We'll recover. We have ideas about raising money this fall. I'm getting pretty good at coupon-ing. We also may dip into Joey's 401k if we have to. Losing this money was (I hope) for the best for me physically. It just served as a hurtful reminder for me, mentally, about how unfair this journey is for all of us.

Saturday, March 12, 2011

making progress

Wednesday was good. Thursday, I hit a wall. Yesterday was better.

The recovery from this lap has been significantly different from my last. With my last, I was more alert, but the gas and constipation pains were UNBEARABLE. I also had significant bleeding with the last surgery. With this lap, my main issues have been nausea, pain in my left ovary (probably from the stitches IN my ovary... just a guess), and fatigue. No bleeding whatsoever, and minimal gas and constipation. The fatigue isn't fun. It hits me very suddenly. I'll be fine one minute, and the next I feel lightheaded and I HAVE to lay down.

I managed to get out of the house for about 10 minutes yesterday and take a (very slow) walk around the neighborhood with Joey and Danica. Today our goal is to get me out for a longer period of time. We're going shopping for comfy pants that I can wear to work next week, since my belly is currently swollen to the point where I cannot see my feet, and probably grab some dinner. Tomorrow we'll go grocery shopping, so that will get me out of the house yet again before I have to return to work on Monday.

Progress. That's all that matters.

Wednesday, March 9, 2011

the story of lap #2

I'm still hopped up on Vicodin, so I apologize in advance if some of this makes no sense or if there are typos.

He didn't take out the ovary.

We had a long conversation before surgery: me, the doctor, and Joey. The doctor was great. He had a much better demeanor than the first time I met him on Wednesday - didn't seem as egocentric. I think looking at my ultrasound photos changed his tune a lot. He told me what he planned on doing while inside of my abdomen, including his plan to remove the ovary if it did not look like it was salvageable. We agreed to that plan, and after the surgery, he said it didn't concern him enough to remove it. There was no loss of blood flow - a good sign. And as irritated as part of me was that he kept it in, I understood and trusted his judgment in doing it.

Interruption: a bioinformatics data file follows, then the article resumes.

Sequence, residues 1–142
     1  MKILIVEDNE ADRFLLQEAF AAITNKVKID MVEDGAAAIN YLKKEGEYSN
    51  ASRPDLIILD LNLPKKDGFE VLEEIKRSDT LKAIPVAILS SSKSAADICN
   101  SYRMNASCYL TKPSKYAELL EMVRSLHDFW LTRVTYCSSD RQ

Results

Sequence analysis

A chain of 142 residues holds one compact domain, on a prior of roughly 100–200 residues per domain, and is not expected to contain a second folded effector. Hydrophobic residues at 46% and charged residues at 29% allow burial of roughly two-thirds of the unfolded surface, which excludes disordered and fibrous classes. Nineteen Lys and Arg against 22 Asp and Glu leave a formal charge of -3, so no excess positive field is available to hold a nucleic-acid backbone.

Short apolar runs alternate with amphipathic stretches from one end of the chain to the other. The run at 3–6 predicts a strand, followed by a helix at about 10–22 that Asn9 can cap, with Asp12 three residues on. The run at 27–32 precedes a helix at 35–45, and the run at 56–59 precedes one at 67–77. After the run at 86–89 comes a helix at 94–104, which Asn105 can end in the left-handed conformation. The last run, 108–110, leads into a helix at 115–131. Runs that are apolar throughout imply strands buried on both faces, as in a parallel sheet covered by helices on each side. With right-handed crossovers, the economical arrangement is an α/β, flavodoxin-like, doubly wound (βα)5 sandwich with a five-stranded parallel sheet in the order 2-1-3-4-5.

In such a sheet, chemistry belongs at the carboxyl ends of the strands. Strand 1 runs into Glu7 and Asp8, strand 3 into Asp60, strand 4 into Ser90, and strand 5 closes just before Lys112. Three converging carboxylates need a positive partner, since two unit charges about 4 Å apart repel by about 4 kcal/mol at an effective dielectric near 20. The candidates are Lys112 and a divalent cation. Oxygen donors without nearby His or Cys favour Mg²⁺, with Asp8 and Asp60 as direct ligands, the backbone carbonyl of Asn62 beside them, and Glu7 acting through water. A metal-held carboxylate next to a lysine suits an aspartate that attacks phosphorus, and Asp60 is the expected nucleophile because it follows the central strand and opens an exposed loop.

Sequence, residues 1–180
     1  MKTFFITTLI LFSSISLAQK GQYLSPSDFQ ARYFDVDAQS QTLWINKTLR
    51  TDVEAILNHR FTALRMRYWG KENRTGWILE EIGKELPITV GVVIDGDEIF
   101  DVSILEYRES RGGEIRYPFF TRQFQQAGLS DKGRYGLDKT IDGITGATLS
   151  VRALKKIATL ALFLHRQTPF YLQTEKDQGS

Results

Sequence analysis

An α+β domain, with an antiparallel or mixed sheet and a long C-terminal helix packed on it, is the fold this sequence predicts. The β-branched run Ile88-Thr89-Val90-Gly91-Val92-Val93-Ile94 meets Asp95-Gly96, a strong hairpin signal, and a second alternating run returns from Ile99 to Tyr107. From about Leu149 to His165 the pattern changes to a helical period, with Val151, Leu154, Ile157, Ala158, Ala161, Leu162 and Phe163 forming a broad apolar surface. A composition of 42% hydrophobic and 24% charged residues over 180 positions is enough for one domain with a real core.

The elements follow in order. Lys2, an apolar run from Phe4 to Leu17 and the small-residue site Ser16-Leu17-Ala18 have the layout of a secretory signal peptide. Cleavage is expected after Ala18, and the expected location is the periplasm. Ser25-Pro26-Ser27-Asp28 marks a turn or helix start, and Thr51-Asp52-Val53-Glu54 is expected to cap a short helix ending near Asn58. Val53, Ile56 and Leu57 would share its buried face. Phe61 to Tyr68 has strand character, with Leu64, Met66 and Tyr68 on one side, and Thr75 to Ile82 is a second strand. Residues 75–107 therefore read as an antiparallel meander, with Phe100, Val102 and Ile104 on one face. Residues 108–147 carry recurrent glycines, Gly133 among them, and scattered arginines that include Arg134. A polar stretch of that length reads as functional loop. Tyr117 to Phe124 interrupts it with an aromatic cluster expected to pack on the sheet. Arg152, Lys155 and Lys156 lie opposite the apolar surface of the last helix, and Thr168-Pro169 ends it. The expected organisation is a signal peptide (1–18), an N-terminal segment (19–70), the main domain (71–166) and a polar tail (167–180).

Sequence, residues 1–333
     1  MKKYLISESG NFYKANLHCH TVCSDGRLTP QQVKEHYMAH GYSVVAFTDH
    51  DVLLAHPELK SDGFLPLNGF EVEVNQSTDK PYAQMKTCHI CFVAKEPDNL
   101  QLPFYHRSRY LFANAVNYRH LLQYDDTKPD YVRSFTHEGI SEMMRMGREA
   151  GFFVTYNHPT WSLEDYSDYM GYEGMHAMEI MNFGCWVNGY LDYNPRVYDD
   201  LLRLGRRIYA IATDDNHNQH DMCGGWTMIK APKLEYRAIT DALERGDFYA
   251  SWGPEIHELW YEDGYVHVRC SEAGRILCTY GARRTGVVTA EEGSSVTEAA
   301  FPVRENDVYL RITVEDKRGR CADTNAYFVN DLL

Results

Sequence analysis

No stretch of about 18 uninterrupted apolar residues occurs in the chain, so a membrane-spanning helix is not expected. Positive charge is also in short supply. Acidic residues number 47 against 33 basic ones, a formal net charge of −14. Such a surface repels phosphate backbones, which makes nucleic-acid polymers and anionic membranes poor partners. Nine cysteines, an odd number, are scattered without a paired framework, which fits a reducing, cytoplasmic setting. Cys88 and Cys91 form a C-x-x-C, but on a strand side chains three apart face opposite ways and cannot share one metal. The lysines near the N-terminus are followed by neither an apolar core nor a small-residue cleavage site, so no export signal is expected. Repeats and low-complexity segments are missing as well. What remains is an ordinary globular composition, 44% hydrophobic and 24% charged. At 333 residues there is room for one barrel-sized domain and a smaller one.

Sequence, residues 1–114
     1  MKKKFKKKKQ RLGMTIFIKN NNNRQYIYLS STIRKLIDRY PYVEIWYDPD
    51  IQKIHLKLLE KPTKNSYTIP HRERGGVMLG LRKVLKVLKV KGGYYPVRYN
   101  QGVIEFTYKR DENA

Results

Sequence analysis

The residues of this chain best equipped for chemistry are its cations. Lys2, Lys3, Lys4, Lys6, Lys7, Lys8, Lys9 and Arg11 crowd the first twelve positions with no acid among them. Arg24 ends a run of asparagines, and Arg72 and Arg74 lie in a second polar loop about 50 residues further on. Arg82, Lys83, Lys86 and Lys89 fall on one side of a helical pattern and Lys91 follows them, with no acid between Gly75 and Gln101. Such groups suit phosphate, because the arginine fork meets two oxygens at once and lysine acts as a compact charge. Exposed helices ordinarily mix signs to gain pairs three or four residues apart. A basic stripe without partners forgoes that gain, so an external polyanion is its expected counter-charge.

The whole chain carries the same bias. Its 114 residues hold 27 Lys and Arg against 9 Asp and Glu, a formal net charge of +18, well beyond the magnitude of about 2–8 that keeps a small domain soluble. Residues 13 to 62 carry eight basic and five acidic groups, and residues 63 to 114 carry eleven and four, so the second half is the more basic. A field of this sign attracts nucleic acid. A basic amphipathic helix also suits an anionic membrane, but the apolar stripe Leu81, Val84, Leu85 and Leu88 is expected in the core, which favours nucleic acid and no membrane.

However, he did cut off some ovarian tissue when removing the cyst. I guess when I had my last lap, my RE only drained the cyst without removing the cystic tissue. This doctor did that. He also saw no endometriosis, confirming that it's not my endometriosis that is causing the cysts. I go back one week from today for a post-op appointment to discuss in more detail what he did and what my options are going forward. For now, I do have pictures of my insides to look at. Since they are slightly more graphic than my ultrasound photos, I think I'll refrain from sharing them here. :)

After surgery was rough. It took them a long time to get me out of anesthesia, and when I came out, my breathing was not normal and my oxygen levels were low. To put it nicely, my post-op nurse sucked. She was too busy chatting with the other nurse to notice I was having trouble. Of course, the fact that I couldn't get her attention made me panic and made my breathing even worse. I started to feel tears rolling down my cheeks. Luckily, the anesthesiologist walked through at that same time and told the nurse I needed immediate attention. He calmed me down and the nurse gave me an injection through my IV to help me relax.

Once I was stable, the shitty nurse moved me to recovery and didn't tell my recovery nurse I was there. Cue panic after 20 minutes of lying there and no one responding to my call button. Finally, the curtain opened and there was Joey. It turns out that the same shitty post-op nurse never bothered to tell him he could come back. He finally just walked back on his own. Joey got the recovery nurse and they both helped me get my breathing under control again.